Then stand firm in the freedom with which Christ made us free, and do not again be held with a yoke of slavery. Galatians 5:1
Freedom – Heinrich Schlier wrote an incredibly insightful article on the Greek word eleutheros. His comments are so good that they are worth contemplating:
The NT . . . realizes . . . that even in the retreat into inwardness man is not free. For in the NT it is evident that freedom is not absent because there is inadequate control of existence but because there is no control at all, and therefore no self-dominion.
Self-preservation by retreat into inwardness is merely a way of losing one’s true self. In the face of lost existence there is only one possibility of coming to oneself, and this is by surrender of one’s own will to the will and power of an external force. Man attains to self-control by letting himself be controlled.
Freedom from the Law thus means specifically freedom from the moralism which awakens hidden self-seeking. It means freedom from the secret claim which man makes on himself in the form of legal demand. It means freedom from the meeting of this claim in the form of legal achievement. It means freedom from self-lordship before God in the guise of serious and obedient responsibility toward Him.
Our freedom, then, is not an existential return to the basis of individual existence, the soul. It is the event of a historical life radically sacrificed for others.
Schlier’s insights are profound. If you want to know freedom from the biblical perspective, you must realize that freedom is not inward release and individual liberty. Freedom is the outward event of denying yourself for the benefit of others. It is exactly the opposite of what the Greeks and the contemporary culture believes. To turn inward is to turn toward the myth, the dangerous deception, that freedom comes from self-control. No! Freedom comes from giving up control, from submitting my will to the will of the external God. Freedom comes from giving myself away.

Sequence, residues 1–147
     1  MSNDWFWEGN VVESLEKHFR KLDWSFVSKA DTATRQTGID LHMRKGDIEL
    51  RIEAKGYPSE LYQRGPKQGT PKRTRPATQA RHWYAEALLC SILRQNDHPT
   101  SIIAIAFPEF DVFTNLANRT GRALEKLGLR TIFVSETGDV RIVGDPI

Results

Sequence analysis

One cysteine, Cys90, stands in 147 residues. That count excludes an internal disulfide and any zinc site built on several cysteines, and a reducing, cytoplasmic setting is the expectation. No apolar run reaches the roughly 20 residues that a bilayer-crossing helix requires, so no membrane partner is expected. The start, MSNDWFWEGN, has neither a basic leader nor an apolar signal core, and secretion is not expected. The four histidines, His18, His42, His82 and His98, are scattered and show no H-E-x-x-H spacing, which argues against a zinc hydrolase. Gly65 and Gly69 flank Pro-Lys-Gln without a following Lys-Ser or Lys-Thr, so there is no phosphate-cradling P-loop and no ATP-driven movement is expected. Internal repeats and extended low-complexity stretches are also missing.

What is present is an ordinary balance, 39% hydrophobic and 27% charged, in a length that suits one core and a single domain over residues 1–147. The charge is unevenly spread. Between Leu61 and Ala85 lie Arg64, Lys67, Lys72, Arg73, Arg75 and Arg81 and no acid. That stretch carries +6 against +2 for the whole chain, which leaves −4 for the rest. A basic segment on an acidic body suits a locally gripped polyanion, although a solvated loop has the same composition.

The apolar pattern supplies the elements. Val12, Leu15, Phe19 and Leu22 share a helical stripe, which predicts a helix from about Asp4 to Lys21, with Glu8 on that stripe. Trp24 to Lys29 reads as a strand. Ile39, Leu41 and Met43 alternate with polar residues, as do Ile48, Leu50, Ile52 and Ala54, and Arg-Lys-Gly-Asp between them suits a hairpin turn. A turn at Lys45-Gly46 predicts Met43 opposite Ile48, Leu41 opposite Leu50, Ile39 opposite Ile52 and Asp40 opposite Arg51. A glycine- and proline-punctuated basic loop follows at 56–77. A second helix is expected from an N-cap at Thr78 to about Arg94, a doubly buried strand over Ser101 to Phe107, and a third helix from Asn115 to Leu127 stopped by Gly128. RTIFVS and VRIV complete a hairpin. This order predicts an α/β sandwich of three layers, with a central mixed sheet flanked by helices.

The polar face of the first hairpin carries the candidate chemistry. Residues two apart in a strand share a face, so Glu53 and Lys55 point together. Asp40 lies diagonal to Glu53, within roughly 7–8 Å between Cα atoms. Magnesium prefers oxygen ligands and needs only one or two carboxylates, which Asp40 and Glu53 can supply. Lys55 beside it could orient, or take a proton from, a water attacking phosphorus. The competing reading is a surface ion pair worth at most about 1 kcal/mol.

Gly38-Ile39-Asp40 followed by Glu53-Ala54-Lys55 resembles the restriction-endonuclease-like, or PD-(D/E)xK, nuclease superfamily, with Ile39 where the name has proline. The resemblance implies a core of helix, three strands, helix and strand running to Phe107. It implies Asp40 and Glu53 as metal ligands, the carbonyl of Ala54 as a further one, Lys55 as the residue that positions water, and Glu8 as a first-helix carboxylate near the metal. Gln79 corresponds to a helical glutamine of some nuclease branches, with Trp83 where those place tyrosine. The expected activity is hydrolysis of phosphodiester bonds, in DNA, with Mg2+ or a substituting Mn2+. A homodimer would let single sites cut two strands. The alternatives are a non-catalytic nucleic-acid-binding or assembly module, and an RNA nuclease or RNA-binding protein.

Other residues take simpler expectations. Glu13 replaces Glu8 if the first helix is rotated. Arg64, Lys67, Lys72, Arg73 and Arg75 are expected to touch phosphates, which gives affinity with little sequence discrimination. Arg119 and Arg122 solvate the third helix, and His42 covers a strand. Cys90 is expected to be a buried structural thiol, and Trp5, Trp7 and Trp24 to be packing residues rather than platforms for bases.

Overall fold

In relation to the Law, I can never gain freedom if I use the Law as a means of control. When I do that, I intend to obligate God to reward me because I am keeping the Law, and that is another form of self-lordship. The Law was never intended to give me freedom. It was intended to point me in the direction of submission. Yeshua’s act releases me from the obligation (the debt) imposed on me by the Law. I am free from the debt in order that I may now legitimately sacrifice my will to His will. Since I have nothing to gain in terms of salvation, I enter into submission without a hidden agenda. I submit only to please Him, not for the possibility of reward but for the purposes of love. Freedom comes when I care less about myself and give myself to others. Freedom is the direct result of care-less living.
If we are going to talk about freedom – the freedom that comes through and in the anointed one, Yeshua HaMashiach, then we will have to first unhook all that Greek mythology as well as the misconstrued Christian Greek-based idea that the Law is opposed to grace. We will have to see that freedom is the by-product of submission and service to others. It is discovered in the actions of benevolence toward the community, not in the preservation of myself. When we see freedom in this light, we will understand why Jesus said, “If the Son shall make you free, you shall be free indeed.”
Now, do you really want to be free?
Topical Index: Schlier, eleutheros, freedom, self-control, Galatians 5:1
We will look at this topic several more times over the next few weeks. Understanding what freedom really means is a very important part of understanding what Yeshua accomplishes on our behalf.